Drexel University lockdown report worth a look


Hello everyone,

One coronavirus study worth checking out came out of    Drexel University in Philadelphia last week.

The study reports that stay at home measures saved 200,000  lives and helped avoid two million expensive stays in the hospital that might have overwhelmed  the health care system beyond repair.

While the study’s number-crunching was confined to bigger cities,  some of its findings can be applied to Delaware and more densely populated New Castle County.

The ability to limit the spread of the virus in Philadelphia and perhaps Baltimore helped northern Delaware avoid a severe outbreak. 

The worst fears on the health care front did not occur, but the economic price was high, in part because of the ability to spread quickly.

Perhaps the most interesting takeaway from  Drexel study’s findings shows the first 45 days of the stay at home order had the greatest impact, with a pronounced drop-off past that time.

Keep in mind that Delaware’s stay at home order had a couple of  notable exceptions that included manufacturing and the construction industry, both of which were deemed essential. By contrast, other states shut down one or both of those sectors.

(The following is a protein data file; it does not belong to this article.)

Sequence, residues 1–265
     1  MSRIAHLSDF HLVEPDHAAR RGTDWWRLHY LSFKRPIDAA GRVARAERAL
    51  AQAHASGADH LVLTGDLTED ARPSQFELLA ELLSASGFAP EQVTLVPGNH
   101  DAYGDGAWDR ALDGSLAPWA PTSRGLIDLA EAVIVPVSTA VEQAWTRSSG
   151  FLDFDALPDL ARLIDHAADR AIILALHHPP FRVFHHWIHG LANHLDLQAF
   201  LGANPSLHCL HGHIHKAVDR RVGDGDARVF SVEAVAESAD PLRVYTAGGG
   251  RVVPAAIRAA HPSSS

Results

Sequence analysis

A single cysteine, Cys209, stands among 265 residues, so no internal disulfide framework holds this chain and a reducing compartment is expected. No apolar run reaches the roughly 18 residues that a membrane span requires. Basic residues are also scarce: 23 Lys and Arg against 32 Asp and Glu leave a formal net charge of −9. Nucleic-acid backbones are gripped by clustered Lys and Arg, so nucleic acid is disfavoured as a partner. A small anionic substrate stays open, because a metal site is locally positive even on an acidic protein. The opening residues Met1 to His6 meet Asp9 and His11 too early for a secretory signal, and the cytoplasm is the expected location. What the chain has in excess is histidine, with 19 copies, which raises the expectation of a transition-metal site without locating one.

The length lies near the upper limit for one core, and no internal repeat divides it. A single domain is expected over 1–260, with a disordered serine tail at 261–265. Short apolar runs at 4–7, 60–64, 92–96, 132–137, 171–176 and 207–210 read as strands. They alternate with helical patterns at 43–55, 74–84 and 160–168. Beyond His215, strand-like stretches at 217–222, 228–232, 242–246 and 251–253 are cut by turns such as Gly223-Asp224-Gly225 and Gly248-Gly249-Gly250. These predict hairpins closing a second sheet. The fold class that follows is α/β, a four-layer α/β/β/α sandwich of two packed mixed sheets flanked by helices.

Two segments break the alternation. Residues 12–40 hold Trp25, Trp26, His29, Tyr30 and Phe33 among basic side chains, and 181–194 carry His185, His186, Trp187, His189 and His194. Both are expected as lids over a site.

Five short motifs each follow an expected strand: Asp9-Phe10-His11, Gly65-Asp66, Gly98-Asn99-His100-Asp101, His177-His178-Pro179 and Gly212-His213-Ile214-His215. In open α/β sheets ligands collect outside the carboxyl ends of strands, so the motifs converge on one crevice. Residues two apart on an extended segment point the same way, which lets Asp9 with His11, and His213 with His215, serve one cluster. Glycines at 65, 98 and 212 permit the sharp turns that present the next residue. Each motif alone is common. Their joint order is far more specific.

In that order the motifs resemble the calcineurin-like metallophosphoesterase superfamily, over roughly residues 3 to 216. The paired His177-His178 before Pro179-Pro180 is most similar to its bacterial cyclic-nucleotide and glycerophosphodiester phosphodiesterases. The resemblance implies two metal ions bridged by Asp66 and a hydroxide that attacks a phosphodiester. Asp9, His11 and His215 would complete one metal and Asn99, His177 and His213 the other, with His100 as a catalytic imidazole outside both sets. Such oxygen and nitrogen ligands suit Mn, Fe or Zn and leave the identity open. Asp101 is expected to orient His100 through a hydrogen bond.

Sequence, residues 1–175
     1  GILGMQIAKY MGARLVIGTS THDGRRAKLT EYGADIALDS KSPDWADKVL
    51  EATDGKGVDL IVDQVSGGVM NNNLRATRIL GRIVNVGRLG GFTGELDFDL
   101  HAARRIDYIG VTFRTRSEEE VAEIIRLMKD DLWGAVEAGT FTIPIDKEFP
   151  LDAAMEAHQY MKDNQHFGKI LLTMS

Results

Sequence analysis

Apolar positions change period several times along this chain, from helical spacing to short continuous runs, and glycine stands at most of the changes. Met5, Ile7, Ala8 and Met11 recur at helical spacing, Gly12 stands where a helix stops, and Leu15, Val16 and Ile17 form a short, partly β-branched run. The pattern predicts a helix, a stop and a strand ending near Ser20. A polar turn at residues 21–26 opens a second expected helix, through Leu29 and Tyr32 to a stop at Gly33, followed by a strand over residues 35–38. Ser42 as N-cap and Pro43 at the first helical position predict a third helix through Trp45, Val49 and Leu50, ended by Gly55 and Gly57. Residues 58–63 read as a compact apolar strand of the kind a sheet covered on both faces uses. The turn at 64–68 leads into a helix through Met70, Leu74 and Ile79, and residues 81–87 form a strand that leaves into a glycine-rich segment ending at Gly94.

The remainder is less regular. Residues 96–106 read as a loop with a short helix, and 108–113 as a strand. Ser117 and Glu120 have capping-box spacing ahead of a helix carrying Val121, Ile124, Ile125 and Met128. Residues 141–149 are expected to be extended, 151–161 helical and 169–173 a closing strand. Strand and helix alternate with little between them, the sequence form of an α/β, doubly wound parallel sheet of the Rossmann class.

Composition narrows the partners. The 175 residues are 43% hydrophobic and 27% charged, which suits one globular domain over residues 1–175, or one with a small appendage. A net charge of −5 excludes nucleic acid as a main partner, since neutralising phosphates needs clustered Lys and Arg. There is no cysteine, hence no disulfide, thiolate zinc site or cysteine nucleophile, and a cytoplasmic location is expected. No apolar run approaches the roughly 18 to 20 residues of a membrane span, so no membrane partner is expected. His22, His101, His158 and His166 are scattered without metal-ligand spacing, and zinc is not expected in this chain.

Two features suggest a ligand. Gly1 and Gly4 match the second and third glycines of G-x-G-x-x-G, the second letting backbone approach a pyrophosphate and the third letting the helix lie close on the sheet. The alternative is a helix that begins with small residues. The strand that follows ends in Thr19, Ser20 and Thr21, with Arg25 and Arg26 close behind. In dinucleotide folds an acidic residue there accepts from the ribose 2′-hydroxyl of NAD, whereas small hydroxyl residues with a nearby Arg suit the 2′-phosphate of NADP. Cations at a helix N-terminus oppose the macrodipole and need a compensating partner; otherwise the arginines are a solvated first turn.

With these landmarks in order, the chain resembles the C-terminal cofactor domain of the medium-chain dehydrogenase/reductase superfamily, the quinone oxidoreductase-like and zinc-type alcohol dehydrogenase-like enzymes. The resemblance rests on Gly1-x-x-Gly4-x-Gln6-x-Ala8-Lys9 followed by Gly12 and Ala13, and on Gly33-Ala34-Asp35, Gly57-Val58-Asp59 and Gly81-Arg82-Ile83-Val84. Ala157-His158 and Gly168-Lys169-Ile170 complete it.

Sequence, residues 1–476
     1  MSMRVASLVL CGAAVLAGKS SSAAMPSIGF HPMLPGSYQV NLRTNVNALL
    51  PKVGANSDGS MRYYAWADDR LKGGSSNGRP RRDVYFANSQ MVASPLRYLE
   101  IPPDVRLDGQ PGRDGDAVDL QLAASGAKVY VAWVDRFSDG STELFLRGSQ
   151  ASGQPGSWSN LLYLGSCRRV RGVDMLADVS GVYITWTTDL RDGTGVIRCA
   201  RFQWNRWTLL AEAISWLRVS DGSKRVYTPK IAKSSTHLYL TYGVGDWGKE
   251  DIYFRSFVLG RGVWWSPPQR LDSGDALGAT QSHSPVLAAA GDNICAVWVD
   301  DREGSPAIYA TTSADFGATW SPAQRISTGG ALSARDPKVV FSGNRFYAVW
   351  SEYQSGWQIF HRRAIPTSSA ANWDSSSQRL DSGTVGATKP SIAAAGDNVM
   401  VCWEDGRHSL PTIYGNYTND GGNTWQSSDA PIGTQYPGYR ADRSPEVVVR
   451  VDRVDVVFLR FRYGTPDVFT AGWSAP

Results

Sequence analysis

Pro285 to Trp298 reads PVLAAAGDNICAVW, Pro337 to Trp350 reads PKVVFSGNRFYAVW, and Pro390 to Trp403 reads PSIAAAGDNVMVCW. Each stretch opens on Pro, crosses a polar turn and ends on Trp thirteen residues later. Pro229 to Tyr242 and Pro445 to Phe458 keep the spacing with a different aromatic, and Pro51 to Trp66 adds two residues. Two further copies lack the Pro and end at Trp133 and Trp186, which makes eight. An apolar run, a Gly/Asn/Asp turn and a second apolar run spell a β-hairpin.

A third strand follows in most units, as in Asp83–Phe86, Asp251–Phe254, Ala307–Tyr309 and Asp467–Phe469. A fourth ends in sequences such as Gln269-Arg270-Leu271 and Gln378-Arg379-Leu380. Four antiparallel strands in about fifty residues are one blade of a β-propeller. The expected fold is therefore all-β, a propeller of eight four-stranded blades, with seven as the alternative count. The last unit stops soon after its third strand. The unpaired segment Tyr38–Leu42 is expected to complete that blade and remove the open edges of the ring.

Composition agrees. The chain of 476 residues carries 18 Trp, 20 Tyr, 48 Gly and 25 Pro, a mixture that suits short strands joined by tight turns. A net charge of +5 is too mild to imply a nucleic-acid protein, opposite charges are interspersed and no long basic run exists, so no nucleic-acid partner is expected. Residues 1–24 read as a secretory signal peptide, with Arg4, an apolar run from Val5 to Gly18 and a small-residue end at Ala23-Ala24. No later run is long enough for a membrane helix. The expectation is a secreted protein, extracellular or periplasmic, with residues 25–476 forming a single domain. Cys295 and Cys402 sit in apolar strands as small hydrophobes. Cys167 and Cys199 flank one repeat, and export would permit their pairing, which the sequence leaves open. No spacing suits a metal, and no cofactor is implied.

Using the Drexel figures, the argument can be made that a more stringent and shorter stay at home order might have been just as effective as a partial lockdown that dragged on.

Then again, Delaware is still seeing outbreaks, the most serious taking place in a large area of Sussex County, which now has four times the per 10,000 infection rate of New Castle.

Hundreds of people and a federal team have been deployed in a testing, education and contact tracing effort. The news, to date, has been  encouraging.

Delaware is now to the stage where it can begin testing in areas outside hotspots. Testing in Dover and Middletown in the coming days will provide a clearer picture.

The Drexel  study undoubtedly has its flaws. Still, its findings should be taken into consideration in planning for a  second wave or future pandemic. Doug Rainey, chief content officer.

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